Last weekend, Russ Hall and I travelled to Berlin for the latest in the series of Music Hack Day events. Having been to previous ones in Stockholm and London, I was looking forward to the usual mix of creativity and collaboration that these events are famous for.
For those that don’t know, Music Hack Day is a chance for programmers, designers, artists, etc, to get together and create new and exciting music hacks based on the latest APIs from top music tech companies (or they can just use a soldering iron and some knitting needles). It’s always amazing to see what a room full of talented people can come up with in just 24 hours and this one was no different.
First up at a Music Hack Day are the API presentations. This is where music tech companies pitch their APIs and it’s also an opportunity to announce new features for devs to get stuck into straight away. We were there to present our API and the addition of our beta realtime API.
After this, everyone fuelled up on Club-Mate and set about hacking. I played with a few side projects while Russ joined up with Tim Bormans of Soundcloud and Jens Nikolaus (designer of the much sought after Music Hack Day Berlin tote bag with Kristina Schneider) to create Sleev.in, an album obsession sharing site.
The amount of sleep you get over the Saturday night depends on how well your hack goes and/or how ambitious you were and at around 2pm on the Sunday, around 24 hours after you’d have started, it’s time to put down your laptop and present what you’ve done.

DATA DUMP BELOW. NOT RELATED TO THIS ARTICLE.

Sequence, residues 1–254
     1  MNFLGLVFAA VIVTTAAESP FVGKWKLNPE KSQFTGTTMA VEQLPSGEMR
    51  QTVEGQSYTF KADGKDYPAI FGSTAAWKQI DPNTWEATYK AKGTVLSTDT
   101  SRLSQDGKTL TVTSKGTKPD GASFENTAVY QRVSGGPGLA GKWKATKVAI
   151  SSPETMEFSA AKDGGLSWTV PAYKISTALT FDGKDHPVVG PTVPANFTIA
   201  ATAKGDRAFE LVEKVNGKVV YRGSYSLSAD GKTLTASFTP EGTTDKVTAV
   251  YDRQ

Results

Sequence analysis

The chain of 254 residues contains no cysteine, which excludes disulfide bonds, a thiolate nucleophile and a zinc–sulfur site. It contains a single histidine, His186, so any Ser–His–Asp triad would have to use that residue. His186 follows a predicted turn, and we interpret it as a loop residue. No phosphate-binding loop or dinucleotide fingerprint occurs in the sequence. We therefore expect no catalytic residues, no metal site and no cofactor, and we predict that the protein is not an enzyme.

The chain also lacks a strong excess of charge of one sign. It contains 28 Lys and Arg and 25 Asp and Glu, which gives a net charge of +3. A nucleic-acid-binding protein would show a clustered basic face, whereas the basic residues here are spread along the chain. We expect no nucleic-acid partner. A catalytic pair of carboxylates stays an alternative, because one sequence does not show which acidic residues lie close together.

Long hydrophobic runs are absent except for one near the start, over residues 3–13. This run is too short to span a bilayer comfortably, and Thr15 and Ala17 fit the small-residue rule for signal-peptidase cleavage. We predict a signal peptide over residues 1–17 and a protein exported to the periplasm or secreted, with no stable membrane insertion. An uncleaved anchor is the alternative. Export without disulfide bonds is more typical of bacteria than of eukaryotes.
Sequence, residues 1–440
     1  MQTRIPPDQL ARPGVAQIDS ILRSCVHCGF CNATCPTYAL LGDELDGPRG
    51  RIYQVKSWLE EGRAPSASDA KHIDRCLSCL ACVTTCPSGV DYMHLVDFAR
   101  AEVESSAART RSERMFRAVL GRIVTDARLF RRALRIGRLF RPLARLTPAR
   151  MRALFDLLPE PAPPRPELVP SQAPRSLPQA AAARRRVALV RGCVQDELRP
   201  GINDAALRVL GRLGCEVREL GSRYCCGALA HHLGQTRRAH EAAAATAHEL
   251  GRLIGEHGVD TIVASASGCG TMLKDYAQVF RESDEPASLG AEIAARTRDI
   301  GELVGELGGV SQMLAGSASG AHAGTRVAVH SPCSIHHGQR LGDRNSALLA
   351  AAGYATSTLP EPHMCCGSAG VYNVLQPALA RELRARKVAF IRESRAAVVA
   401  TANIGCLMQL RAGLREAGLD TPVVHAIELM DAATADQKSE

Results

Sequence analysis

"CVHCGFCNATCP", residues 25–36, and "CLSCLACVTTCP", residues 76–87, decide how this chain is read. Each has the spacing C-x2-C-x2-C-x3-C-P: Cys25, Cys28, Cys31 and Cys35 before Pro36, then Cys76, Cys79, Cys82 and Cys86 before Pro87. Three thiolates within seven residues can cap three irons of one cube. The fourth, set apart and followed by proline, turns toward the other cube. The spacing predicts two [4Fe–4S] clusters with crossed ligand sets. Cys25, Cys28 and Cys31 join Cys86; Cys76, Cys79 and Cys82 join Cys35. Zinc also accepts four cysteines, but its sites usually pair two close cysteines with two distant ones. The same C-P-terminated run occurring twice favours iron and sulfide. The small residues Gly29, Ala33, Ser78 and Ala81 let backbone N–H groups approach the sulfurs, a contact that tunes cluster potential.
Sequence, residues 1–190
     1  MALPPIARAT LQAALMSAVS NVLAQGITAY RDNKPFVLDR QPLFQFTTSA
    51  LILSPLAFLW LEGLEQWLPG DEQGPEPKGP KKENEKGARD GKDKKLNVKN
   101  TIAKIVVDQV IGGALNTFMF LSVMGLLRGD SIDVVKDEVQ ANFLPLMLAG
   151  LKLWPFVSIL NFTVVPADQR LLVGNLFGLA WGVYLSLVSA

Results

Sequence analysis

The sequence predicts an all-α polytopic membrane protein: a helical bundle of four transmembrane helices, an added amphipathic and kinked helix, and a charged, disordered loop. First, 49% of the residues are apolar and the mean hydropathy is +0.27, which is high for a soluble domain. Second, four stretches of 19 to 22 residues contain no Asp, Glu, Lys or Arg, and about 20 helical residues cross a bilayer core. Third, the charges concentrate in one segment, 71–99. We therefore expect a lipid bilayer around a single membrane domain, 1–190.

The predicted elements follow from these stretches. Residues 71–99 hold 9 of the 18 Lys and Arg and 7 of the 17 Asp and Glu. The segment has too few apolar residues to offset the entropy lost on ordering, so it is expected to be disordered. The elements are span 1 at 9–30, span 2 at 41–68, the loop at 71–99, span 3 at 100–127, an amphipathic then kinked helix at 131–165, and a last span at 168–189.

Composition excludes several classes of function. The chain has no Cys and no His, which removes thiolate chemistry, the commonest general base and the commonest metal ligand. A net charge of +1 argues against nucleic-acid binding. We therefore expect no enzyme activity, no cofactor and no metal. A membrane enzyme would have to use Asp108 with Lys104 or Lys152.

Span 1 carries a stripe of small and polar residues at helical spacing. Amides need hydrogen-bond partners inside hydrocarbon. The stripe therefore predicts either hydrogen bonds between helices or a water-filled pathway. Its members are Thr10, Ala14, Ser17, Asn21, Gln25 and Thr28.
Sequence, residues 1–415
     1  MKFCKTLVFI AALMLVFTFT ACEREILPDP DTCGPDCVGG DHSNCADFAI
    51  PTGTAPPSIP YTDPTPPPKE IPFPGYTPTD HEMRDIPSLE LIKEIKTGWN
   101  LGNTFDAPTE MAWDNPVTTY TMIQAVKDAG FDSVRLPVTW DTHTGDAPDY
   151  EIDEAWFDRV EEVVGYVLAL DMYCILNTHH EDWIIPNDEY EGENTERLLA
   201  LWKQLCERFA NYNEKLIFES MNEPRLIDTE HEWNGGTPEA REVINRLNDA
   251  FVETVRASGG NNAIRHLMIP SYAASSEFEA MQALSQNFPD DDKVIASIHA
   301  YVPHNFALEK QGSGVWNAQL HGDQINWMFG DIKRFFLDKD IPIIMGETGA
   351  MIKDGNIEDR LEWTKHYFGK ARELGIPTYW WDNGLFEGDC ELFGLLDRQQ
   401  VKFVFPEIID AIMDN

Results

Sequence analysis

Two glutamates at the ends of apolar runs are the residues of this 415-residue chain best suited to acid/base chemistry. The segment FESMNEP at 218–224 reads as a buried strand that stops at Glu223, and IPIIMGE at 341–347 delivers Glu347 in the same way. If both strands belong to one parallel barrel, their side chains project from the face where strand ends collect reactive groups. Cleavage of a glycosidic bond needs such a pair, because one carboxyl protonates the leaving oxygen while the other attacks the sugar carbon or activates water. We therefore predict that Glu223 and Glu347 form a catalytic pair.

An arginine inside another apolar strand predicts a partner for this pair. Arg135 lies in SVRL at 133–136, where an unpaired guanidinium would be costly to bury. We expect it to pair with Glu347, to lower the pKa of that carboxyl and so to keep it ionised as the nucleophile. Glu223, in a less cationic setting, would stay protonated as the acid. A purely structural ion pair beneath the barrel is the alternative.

The hack demos are always fun to attend and see what everyone else has been making.
Some notable Last.fm related hacks were Lastcred.fm which would, to make your Last.fm profile look trendier, scrobble several random tracks for you based on a tag or artist of your choice (not something we really approve of, but it amused us nonetheless), Tractor which pulled in Last.fm data to help with displaying artist info for mentions of an artist on a web page, and RealTimeSentiTweetGagasm which used our realtime API.
Other favourites of mine were Heavy Shoes which used an Xbox Kinect sensor to detect foot stomps and then play drum noises (something I want to be doing at home very soon), and Eigendrums which also triggered drum sounds, but this time by detecting the sound of you clicking, slapping your leg, and thumping your chest. Both crowd pleasing impressive demos.
You can find the complete list of hacks here.
If any of this interested you then why not think about attending a Music Hack Day! The next one is in Barcelona in a few weeks, but they crop up fairly regularly.